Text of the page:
Opposition warns of ‘tax bomb’After the ruling Democratic Party proposed hikes in taxes on the wealthy and big companies over the weekend, opposition parties called it a “tax bomb.”
The Democratic Party proposed raising the 22 percent corporate tax rate for companies with 200 billion won ($179.4 million) or more in revenues to 25 percent.
Individuals making 500 million won or more per year would pay 42 percent income tax, up from the current 40 percent rate.
The party said the changes would only affect the “superrich,” not the average Korean.
Korea has only 116 companies with revenues above 200 billion won - 0.019 percent of all companies in the country.
Individuals who earn more than 500 million won a year number 40,000, or 0.08 percent of the total population, the Democratic Party argued.
“There will be no increased taxes for low and mid-income households or small and mid-size firms,” said Je Youn-kyung, the Democratic Party’s spokespersons, in a press release on Sunday.
“We promise that our party will work to allow the people to become owners of the country.”
Party floor leader Woo Won-sik said the government should focus on fixing the current taxation system, which has gone in the wrong direction during the past two conservative administrations.
But three major opposition parties don’t agree with the plan.
“Most major countries in the world are lowering corporate taxes one after the other but Korea is trying to raise corporate and income taxes,” said Liberty Korea Party floor leader Chung Woo-taek on Monday. Chung claimed the government is trying to trick the people by saying the plan will only affect the wealthy. “They said they will expand welfare benefits without raising taxes in the past but I really don’t understand why they changed their tune.”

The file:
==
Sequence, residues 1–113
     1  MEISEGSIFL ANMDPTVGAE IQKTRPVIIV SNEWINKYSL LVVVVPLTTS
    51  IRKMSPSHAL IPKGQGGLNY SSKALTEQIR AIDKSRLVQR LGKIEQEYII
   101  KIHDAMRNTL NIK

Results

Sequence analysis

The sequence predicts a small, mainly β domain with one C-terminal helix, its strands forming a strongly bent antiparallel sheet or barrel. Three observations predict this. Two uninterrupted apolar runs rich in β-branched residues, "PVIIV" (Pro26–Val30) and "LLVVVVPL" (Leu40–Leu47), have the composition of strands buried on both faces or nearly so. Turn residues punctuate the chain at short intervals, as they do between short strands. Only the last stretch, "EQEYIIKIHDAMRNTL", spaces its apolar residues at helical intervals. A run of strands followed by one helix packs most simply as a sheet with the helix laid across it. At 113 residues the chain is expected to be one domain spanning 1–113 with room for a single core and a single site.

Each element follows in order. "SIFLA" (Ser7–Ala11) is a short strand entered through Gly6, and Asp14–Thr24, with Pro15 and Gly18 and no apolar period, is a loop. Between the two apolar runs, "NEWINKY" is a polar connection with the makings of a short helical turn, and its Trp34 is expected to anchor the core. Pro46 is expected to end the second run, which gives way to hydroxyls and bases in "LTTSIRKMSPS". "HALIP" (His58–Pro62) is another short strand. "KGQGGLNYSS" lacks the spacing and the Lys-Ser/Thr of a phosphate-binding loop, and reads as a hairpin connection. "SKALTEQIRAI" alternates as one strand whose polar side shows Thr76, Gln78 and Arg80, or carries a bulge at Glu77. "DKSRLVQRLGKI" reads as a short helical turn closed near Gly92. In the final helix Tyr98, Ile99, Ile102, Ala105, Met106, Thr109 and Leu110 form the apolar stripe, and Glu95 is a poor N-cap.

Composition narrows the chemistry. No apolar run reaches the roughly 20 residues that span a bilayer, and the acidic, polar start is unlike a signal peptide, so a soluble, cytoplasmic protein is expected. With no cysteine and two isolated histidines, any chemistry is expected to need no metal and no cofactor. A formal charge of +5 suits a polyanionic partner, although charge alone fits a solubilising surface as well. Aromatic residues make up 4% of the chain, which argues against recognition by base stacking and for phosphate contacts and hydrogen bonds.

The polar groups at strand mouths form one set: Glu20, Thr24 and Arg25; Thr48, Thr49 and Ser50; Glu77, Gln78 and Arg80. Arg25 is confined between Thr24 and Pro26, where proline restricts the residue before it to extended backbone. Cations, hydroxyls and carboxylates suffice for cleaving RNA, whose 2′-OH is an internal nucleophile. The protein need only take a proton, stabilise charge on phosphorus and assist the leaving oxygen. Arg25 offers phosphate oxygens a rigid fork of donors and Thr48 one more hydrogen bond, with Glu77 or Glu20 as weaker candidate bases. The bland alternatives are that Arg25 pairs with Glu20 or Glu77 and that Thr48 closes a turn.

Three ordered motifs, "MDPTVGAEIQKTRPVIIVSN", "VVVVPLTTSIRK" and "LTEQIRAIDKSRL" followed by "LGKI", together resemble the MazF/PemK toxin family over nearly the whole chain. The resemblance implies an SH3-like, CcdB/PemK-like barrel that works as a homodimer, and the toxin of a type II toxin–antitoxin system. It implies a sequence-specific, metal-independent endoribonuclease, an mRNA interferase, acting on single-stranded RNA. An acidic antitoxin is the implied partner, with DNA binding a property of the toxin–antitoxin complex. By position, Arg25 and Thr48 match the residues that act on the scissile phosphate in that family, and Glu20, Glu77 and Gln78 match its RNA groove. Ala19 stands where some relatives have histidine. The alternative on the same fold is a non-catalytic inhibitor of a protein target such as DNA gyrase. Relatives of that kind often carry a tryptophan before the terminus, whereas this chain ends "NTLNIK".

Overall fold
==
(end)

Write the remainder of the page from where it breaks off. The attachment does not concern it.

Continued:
Kim Tae-heum, a lawmaker from the Liberty Korea Party, said raising taxes on large companies is like punishing them for doing something wrong.
“The government is asking large size companies to invest and hire more but having them pay more taxes will put a damper on those activities,” said Park Joo-sun, the People’s Party’s interim chief.
“The Moon Jae-in administration should clearly state how it will come up with a budget to be spent on its recently announced 100 national tasks and discuss with the people how to configure the tax brackets.”
Chairwoman Lee Hye-hoon of the Bareun Party said the president should apologize to the people for going back on his pledge to not raise taxes. The Blue House said it will be able to proceed with its 5-year economic plans without raising taxes last week. Lee said the new proposals will only raise 3 trillion won to 4 trillion won more than under current rates, far less than the 178 trillion won needed for the 100 national tasks.
Finance Minister Kim Dong-yeon said his ministry has been finalizing new ways to collect taxes and asked politicians to come up with recommendations. A finalized plan will be announced within a month.
BY KIM YOUNG-NAM [firstname.lastname@example.org]